I tried to phone the police officer with whom we had been cooperating since September but he was busy, working on a nasty case of robbery and attempted murder. Two Cubanian refugees had that very same afternoon committed a robbery in a post office in Copenhagen and had shot and wounded a female civil servant from the post office. Instead I went to Erland Kolding Nielsen, and reported that we were now able to identify the thief from the seventies. Both of us were quite surprised. In his entire library life Frede Møller-Kristensen had given the impression of being a quiet, distrait, learned philologist, not exactly a skilled administrator but happy - too happy - for a pint of beer now and then, which had been the reason for his retirement from his position as department director in 1987 of the Oriental Department. In that way not only were we able to present a solution of the old matter of thefts from the Royal Library but suddenly the face of the perpetrator appeared before us, even though he was now dead and gone.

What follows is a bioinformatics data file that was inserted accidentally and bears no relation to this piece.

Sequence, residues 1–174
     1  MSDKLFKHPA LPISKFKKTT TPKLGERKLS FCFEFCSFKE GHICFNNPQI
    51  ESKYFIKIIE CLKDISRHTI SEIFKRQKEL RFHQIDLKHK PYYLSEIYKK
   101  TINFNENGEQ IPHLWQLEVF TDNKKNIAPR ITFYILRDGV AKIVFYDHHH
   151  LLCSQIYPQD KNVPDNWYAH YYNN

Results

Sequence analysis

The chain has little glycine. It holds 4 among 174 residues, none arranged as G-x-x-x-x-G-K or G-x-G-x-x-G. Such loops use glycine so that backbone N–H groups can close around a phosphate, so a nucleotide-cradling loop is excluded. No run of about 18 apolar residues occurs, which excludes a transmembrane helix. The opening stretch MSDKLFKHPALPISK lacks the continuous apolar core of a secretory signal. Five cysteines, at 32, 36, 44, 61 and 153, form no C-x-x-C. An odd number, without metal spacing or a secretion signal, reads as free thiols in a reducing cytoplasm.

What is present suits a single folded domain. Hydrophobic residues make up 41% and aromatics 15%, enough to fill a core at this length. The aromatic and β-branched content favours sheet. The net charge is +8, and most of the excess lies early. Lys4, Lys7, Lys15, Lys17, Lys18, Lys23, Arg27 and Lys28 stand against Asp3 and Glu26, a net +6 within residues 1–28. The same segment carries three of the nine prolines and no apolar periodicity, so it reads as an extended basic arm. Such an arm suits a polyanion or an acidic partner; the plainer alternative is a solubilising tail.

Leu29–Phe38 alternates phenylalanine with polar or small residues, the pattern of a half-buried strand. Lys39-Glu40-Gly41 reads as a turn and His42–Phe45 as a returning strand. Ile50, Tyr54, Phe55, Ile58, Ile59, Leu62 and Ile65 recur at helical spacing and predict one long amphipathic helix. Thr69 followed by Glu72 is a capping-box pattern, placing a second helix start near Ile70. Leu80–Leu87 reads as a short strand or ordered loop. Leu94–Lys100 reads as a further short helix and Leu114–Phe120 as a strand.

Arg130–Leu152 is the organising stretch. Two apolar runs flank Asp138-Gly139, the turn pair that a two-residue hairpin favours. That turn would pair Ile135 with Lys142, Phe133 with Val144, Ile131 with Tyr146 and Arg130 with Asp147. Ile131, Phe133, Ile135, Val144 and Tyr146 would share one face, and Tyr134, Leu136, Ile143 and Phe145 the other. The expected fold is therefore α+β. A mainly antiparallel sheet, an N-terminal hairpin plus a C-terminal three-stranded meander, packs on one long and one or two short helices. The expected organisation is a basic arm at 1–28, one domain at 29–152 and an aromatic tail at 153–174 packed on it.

The next steps to be taken were to get search warrants, which is quite a complicated matter, as the law, of course, has to protect the security of the life and property of the citizens; in this case, however, there was strong evidence that a few citizens had behaved illegally, and the court decided that searches should take place at the homes of Frede Møller-Kristensen’s widow and of Silke Albrecht and Thomas Møller-Kristensen. Furthermore, it was decided that searches should also take place in Lindenberg and Munich in Germany, as the investigation had established that the books had in the first place been transported from Denmark to Lindenberg in Bavaria, and that from Lindenberg they were shipped to Christie’s in London by an art shipping company in Munich, which meant that this shipping company had also to be searched. Since Germany is a federal state, it took time to get hold of the search warrants from the Bavarian and federal authorities, but at the end of October 2003 the necessary paperwork had been done. In the meantime the Danish police officer and I paid a visit to Scotland Yard in order to get further documentation of the transactions between Christie’s and Silke Albrecht, and we succeeded in getting hold of copies of their accounts and sales which Christie’s had made on behalf of Silke Albrecht, whom Christie’s thought to be living in Lindenberg. The address of Silke Albrecht’s mother, Theresia Albrecht had been used as a cover by Silke Albrecht. The conclusion was that Silke Albrecht had sold or tried to sell 36 books at Christie’s for 415,540 GBP.